An American Duchess

An American Duchess - Sharon Page I was surprised to find An American Duchess was published by Harlequin, because this is far from a traditional romance novel. We all know the formula: couple meets, falls in love, is driven apart by misunderstanding, reconciles, marries, happily ever after. Those elements are all present in the novel, but it focuses much more on making that impulsive marriage work and if love is actually enough.

Zoe is a new money, New York heiress who has decided on a marriage of convenience in order to access her trust fund. Sebastian is an old world noble with a secret and a desperate financial need. Together they decide to wed and divorce so everyone gets what they want. Except Nigel, Sebastian’s brother and the prideful Duke of Langford, to whom Zoe and divorce represent a modern world with which he can’t cope.

Obviously, Zoe and Nigel fall in love and she becomes the duchess instead of just Lady Hazelton. Even if that wasn’t the title, it’s right there in the blurb. Still, this happens less than halfway through the book and isn’t the true focus of the story. Both characters lost practically everything in World War I. Zoe’s beloved father has passed, as has the love of her life, a flying Ace who taught her everything he knew, and her brother. Nigel is mentally and physically scarred from the fighting. His fiancee left him, his other brother died of influenza and his mother hasn’t recovered. Zoe copes with her grief through fast driving, high flying, and partying ‘til dawn. Nigel turns in on himself, freezing out his family and friends. Shockingly, as they face numerous personal tragedies in their short marriage, these grieving styles don’t work together.

Where the book is best is describing the horror of the war and its impact on civilian life. No one, not the laundress or the Duke, are untouched by loss. I found myself extremely sad for their futures, which finally seem bright, with WW2 on the horizon to take their children and nephews. It’s a point of view I’ve seen a lot of historical novels struggle to relate, which makes it all the more impressive in a so-called “pop fiction” genre.

Unfortunately, my biggest problems with the book are the pacing and Nigel’s reactions to Zoe; both are pretty big issues. The pacing is something of a rollercoaster, with plot points, (like an embezzling lawyer and a suicide,) flashing right past, while other, minor things climb for ages. I had a real issue specifically with the trip to California. The previous chapters are ignored for set pieces that didn’t have enough impact, (the beach and the party specifically,) but feel included to set a Gatsby like atmosphere to counter England. I felt like we either should have moved into that setting a lot sooner or had a tighter focus on the main characters and their relationship turning point.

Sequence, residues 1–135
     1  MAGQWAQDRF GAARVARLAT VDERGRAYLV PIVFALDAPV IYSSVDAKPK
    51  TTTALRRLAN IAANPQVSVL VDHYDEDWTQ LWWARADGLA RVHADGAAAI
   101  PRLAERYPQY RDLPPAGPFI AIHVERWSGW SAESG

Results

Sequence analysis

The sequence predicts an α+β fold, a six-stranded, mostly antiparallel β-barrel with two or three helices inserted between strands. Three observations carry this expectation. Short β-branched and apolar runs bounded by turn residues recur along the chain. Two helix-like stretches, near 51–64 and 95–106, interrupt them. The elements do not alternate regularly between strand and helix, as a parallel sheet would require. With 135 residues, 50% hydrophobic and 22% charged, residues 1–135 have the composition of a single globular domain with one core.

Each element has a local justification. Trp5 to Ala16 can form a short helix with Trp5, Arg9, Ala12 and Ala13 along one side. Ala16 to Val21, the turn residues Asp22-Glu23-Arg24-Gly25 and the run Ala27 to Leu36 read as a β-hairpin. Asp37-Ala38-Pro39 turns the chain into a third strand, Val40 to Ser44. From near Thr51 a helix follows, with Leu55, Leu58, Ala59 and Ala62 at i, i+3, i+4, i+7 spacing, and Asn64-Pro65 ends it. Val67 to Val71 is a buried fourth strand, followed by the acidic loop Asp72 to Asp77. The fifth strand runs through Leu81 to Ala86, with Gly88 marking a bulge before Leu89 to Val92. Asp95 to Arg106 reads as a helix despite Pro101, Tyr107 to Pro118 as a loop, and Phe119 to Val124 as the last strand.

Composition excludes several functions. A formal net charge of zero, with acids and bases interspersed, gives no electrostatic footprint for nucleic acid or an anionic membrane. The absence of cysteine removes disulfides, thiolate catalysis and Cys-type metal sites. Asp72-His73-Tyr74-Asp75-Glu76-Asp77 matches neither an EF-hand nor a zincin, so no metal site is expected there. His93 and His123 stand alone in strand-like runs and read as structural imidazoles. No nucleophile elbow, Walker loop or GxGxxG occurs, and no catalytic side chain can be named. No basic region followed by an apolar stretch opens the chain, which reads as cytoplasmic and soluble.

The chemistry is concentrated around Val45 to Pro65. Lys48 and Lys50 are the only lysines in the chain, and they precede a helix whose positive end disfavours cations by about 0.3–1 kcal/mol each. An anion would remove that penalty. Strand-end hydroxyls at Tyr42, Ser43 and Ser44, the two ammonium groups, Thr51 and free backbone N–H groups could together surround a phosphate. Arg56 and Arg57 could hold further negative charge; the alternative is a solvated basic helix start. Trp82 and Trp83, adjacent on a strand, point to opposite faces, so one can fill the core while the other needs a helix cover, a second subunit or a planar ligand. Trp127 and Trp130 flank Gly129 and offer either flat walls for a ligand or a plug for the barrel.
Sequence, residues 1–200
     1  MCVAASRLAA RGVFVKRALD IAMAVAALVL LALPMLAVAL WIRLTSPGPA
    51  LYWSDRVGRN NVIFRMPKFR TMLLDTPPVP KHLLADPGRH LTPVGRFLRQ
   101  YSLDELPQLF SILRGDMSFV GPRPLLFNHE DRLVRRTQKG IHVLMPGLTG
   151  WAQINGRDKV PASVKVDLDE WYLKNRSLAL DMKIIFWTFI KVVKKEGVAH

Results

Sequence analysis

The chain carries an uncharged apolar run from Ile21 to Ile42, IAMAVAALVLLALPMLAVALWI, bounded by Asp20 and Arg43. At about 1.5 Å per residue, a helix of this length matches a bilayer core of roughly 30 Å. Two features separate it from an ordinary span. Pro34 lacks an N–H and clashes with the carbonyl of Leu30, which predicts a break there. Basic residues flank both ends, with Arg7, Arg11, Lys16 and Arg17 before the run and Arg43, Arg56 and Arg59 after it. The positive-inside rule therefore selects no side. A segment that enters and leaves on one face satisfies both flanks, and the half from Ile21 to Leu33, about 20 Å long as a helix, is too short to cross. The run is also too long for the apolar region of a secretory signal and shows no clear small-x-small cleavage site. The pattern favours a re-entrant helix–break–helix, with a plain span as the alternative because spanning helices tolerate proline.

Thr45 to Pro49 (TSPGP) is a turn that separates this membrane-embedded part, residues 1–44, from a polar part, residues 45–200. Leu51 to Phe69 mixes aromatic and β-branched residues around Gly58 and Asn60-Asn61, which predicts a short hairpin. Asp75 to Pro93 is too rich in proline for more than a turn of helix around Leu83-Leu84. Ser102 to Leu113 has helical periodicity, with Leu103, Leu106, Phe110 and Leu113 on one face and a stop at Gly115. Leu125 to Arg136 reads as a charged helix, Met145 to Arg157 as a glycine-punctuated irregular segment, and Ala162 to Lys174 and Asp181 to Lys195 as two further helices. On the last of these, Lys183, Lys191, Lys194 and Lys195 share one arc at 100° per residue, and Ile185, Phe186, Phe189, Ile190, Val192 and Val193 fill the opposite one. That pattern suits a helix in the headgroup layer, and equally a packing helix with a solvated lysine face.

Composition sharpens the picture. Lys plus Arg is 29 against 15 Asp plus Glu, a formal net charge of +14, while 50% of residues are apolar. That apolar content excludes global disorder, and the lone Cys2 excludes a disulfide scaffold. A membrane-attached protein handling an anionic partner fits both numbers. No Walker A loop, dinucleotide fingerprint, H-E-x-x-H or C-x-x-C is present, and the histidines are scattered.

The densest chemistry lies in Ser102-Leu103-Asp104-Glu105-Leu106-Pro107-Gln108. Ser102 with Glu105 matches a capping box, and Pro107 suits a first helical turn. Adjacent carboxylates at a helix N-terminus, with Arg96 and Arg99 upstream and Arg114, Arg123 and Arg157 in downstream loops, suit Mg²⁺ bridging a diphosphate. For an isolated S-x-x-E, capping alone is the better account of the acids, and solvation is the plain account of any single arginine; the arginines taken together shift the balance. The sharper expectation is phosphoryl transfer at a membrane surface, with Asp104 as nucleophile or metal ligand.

Nigel came across as alternatively neglectful and overbearing. While Zoe obviously wanted him to fight for her, the artist and the pilot were both eyerolling. And selling all of a woman’s modes of transport while she’s ill? That’s just abusive, Nigel. On the other side of the coin, I understand his coping mechanisms required him to stay away, but the way he treated her after both miscarriages was abominable. Zoe’s not faultless, but I could never take Nigel’s side.

Now, I did like Nigel as a character, and I was rooting for them to make up and make the marriage work. I liked the idea of focusing on the after-the-wedding scenes that we don’t often see in romance novels. The passion was palpable, and the sorrow was heartbreaking. I do wish the pacing had been steadier and some of the rougher relationship patches felt like a slog as Nigel and Zoe rehashed the same arguments over and over. In all, a good read with a few caveats.